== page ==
2.1 Choose CarefullyApril 15th, 2009 — Marieke Guy
Choose the APIs you use carefully. You can find potential APIs by signing up to RSS feeds, registering for email notifications for when new APIs are released, checking forums and searching API directories.
A decision on using an API can be made for a number of reasons (it’s the only one available, we’ve been told to use it etc.) but developers should consider checking the following:
- That it is the best fit for your needs. There may well be other APIs out there that are more appropriate. Good research is very important as it is more than likely that for popular APIs someone has probably done the hard work and produced a library for your language of choice. That said it is possible that you might have to compromise.
- What the API does. Spend some time finding out.
- How good the documentation is. Check that the documentation correctly matches the API being used. Request sample application code that communicates with the API. Initially commercial software vendors were reluctant to provide good well documented services often only provided simple data transaction services. Good documentation is now accepted as critical.
- That the APIs is connected to a functional description, i.e. an overall description of the function of the entire application.
- That there is a dialogue with the developers such as a forum or email list. This will help establish if there is continued support for bug fixes etc.
- That this API does not clash with each others you are using and will be able to ‘keep in step’.
- That it is a stable API. APIs that are still evolving are liable to change.
- How reliable it is. Some API providers have a better reputation than others.
- How popular it is. Popular APIs tend to have an active user community.
- If it is still managed. APIs which are not currently managed are unlikely to be supported.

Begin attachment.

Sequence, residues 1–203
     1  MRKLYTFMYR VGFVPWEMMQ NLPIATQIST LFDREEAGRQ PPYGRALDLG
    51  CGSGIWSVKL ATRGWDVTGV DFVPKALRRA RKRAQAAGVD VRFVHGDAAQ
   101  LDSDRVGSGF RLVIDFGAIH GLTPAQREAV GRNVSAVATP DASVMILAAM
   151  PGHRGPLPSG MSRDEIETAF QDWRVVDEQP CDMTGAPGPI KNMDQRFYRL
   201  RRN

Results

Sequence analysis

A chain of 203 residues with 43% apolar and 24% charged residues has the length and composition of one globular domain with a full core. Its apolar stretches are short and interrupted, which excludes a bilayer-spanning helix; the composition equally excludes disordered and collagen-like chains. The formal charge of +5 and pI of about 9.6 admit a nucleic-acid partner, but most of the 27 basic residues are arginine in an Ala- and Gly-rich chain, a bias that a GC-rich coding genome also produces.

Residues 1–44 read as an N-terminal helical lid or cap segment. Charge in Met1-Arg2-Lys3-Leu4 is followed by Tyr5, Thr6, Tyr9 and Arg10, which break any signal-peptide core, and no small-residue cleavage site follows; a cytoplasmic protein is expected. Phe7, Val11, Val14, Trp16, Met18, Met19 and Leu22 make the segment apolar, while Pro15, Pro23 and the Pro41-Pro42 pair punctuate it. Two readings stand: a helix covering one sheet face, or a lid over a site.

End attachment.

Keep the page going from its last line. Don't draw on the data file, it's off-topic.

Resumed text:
- If selecting a product with APIs offered as part of the package ensure you evaluate the APIs too.
- What has it been coded in.
- A roadmap explaining the likely direction of future developments, if any.
Study various information sources for each potential API. These could include tutorials, online forums, mailing lists and online magazine articles offering an overview or introduction to the technology as well as the official sources of information. There are also a number of user satisfaction services available such as getsatisfaction or uservoice. The JDocs Web site maintains a searchable collection of Java related APIs and allows use comments to be added to the documentation. You may find that others have encountered problems with a particular API.
Once you have chosen an API it may be appropriate to write a few basic test cases before you begin integration.
If you’re not paying for an API then make sure that the API is part of the providers core services which they use themselves. If the provider produces a custom service just for you then if they’re not being paid then they have no incentive to keep that API up to date.
“When using APIs from others, do a risk assessment. Think about what you want for the future of the application (or part thereof) that will depend on the API, assess its value and the cost of losing it unexpectedly during its intended lifespan, guesstimate how likely it will be that the API will change significantly or become unavailable/useless in that time span. Think about an exit strategy. Consider intermediary libraries if they exist (e.g. for mapping) to allow a ready switch from one API to an equivalent. Build flexibly if it’s worth the extra effort.“